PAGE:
In general, the main basis of Islamic banking, in brief, is a business conducted based on Islamic faith and piety, taking into account rewards and punishments and seeking God’s satisfaction in every transaction carried out.
Conventional banking is a business based on maximizing profits. There is no faith, rewards, or punishments, and conventional banking business does not need to seek Allah’s satisfaction in its transactions.
However, this does not mean that the conventional banking system is bad. It’s just that the differences in principles between Islamic and conventional banking are significant when compared.
Islamic Banking vs. Conventional Banking: Operations and Administration
When principles are different, it goes without saying that the methods of operation, management, and administration are also different. Here are the differences:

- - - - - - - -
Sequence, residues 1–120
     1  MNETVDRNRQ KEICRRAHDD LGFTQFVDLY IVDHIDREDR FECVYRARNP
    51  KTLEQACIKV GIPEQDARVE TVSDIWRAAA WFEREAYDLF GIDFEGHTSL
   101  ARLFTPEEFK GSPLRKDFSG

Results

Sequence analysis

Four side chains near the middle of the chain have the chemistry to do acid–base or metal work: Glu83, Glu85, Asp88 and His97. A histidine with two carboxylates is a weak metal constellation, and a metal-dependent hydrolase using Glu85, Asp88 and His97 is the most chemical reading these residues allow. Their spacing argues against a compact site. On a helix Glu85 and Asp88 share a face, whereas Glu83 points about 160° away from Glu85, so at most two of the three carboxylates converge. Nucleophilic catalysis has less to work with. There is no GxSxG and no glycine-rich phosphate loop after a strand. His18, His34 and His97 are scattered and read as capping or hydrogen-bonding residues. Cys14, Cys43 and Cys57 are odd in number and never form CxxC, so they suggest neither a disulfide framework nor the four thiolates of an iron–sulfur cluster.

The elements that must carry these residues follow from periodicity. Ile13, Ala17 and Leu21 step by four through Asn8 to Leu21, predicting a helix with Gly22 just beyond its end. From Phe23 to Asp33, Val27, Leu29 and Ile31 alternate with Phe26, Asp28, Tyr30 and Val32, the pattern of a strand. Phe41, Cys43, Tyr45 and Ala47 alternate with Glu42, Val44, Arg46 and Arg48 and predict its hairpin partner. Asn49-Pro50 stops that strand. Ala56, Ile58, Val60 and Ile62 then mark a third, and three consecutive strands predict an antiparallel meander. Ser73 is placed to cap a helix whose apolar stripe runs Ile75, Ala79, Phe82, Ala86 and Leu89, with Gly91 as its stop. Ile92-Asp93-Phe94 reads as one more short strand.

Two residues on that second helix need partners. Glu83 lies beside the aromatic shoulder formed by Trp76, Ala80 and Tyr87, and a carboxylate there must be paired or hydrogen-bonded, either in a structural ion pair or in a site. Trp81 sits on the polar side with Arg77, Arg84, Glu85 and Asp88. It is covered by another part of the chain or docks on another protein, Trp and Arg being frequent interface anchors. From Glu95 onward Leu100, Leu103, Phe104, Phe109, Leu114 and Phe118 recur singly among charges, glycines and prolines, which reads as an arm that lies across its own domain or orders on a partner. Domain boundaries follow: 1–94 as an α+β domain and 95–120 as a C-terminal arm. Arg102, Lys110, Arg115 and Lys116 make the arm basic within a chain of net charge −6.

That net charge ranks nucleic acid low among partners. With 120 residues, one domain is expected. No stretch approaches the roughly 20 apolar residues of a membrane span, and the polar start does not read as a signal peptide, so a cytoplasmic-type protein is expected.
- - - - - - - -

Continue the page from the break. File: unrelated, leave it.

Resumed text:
The Shariah Advisory Committee and Shariah Audit Committee are responsible for monitoring all matters in Islamic banking to ensure that all products and services offered comply with the principles of Islamic Shariah.
In contrast, conventional banking does not have a body established for monitoring, and it does not need to comply with Shariah law in its operations, products, and services offered.
Contracts and Transactions
Contracts and transactions are essential activities in any financial system. For Islamic banking, all contracts and transactions must comply with Islamic Shariah principles, which have principles such as Wadi’ah, Wakalah, Tawarruq, and others.
What is Wadi’ah, Wakalah, and Tawarruq?
Wadi’ah: Wadi’ah is a concept used in savings account products, trust services, and safe deposit boxes.
This concept allows individuals to deposit funds in the form of cash or any asset with Islamic financial institutions. The financial institution then acts as a custodian or trustee for the funds.
Wakalah: Wakalah, in short, is a contract in which one party delegates or authorizes another party to perform a particular task that complies with Shariah, voluntarily or with a reward.
This concept is widely applied by banks that offer Islamic banking products and services. In this situation, customers appoint the bank as an agent to carry out agreed-upon transactions or services. The bank will then receive a fee of the agreed-upon amount after completing the service.